Lebanon braces for Hezbollah backlash
Beirut - Lebanon braced on Friday for a possible backlash after a UN-backed tribunal issued an indictment in the 2005 murder of ex-premier Rafiq Hariri in which four Hezbollah members are named.
Interior Minister Marwan Charbel confirmed the names of the men charged by the Netherlands-based Special Tribunal for Lebanon (STL) and said efforts would begin to arrest them.
He said Lebanon's Prosecutor General Said Mirza had given him the arrest warrants early on Friday for Mustafa Badreddine, Salim Ayyash, Assad Sabra and Hussein Anaissi.
Their whereabouts are unknown.
Badreddine is the brother-in-law of top Hezbollah operative Imad Mughniyeh, who died in a 2008 bombing in Damascus.
He is suspected of having masterminded the February 14 2005 seaside bombing that killed Hariri and 22 others.
Search for suspects
Ayyash, another senior party official who holds US citizenship, allegedly carried out the attack.
Sabra and Anaissi allegedly co-ordinated with Ahmad Abu Adas, a Palestinian who contacted Al-Jazeera television following the Hariri assassination to claim responsibility for the bombing.
Charbel said a meeting among all concerned security services was planned on Saturday to co-ordinate search operations for the suspects.
"We have to address this issue calmly and wisely to preserve the civil peace," he said. "If the situation explodes, everyone loses."
He also pointed out that there are between 15 000 and 20 000 outstanding arrest warrants in Lebanon.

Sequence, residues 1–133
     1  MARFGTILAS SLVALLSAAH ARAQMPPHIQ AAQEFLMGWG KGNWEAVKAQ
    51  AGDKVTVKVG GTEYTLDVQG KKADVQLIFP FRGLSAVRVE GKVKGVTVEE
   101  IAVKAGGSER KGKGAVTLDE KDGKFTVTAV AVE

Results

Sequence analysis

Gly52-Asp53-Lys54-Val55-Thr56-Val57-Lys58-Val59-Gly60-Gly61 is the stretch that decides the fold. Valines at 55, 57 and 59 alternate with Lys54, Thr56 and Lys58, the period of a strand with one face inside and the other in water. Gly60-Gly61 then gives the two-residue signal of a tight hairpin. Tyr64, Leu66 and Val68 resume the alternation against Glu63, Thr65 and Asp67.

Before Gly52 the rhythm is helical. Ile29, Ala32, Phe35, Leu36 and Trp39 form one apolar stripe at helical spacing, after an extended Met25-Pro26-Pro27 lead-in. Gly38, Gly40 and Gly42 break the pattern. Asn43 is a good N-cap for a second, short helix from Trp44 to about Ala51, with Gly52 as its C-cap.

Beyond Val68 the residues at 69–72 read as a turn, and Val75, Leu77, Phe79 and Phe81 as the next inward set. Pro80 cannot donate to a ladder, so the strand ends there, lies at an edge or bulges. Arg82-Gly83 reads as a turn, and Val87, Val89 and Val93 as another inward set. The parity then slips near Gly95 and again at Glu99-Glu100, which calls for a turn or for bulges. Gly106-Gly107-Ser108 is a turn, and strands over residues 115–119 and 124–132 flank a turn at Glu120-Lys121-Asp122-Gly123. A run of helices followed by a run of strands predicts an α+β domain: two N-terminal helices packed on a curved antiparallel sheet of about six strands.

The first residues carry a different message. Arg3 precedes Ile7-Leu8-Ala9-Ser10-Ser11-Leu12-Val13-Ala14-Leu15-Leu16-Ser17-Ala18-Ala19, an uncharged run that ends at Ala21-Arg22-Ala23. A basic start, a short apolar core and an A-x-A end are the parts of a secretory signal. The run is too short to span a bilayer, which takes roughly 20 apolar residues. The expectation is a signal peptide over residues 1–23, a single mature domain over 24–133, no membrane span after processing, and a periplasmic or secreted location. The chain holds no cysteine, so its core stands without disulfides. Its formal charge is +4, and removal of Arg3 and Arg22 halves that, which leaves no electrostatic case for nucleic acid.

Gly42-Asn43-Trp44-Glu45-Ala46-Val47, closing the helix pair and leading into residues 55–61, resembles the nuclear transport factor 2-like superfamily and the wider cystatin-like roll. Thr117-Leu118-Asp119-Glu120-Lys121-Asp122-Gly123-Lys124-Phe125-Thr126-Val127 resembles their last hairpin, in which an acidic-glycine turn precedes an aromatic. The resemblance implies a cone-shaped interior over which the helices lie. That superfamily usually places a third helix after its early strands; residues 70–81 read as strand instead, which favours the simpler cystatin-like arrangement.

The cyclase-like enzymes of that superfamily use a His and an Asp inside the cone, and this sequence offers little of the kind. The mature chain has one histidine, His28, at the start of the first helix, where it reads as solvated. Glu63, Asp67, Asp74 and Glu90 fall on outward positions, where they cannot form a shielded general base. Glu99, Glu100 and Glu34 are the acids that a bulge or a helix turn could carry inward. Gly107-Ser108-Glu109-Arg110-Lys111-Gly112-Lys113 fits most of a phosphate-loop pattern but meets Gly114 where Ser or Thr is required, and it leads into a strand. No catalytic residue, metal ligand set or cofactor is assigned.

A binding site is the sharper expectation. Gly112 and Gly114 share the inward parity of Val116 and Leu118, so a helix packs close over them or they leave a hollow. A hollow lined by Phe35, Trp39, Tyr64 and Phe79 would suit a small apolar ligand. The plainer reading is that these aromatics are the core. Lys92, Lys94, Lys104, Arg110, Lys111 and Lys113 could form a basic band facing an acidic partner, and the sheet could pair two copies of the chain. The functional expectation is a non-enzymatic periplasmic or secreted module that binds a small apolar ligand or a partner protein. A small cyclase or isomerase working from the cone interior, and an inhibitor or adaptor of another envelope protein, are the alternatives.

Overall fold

Hassan Nasrallah, leader of the Shi'ite militant party, is set to make a televised address on Saturday that will mark his first reaction to the indictment that has triggered fears of sectarian unrest in the volatile country.
Saad Hariri hails move
Hezbollah, blacklisted as a terrorist organisation by Washington, has repeatedly warned that it would not sit idle should any of its militants be accused of Hariri's assassination.
All eyes today are on how Prime Minister Najib Mikati's new government, dominated by Hezbollah and its allies, will respond to the indictment and whether it will continue co-operating with the tribunal.
Hariri's son and political heir, former prime minister Saad Hariri, has hailed the indictment as a "historic" moment for Lebanon, while his ally the United States said the move was "an important step towards justice and ending impunity for political assassinations in Lebanon".
The Iranian- and Syrian-backed party Hezbollah, the most powerful political and military force in Lebanon, engineered the collapse of Saad Hariri's Western-backed unity government in January after he refused to end co-operation with the tribunal.
Mikati, his successor, was appointed with the blessing of Hezbollah.
In an ambiguously worded policy statement on Thursday, he said Lebanon would respect international resolutions as long as they did not threaten the civil peace.
Making judicial history
The opposition "March 14" coalition headed by Saad Hariri said this was a clear sign Mikati's government would not abide by its international obligations.
Lebanon has 30 days to serve out the STL arrest warrants. If the suspects are not arrested within that period, the tribunal can then publicly call on them to surrender.
The STL, set up in The Hague in 2009 by the United Nations, is the first international court with jurisdiction to try an act of terrorism.
The Hariri murder sparked a wave of massive protests in Lebanon which, combined with international pressure, forced Syria to withdraw its troops from the country after a 29-year deployment.
Syria was widely suspected of having a hand in Hariri's murder but has denied involvement.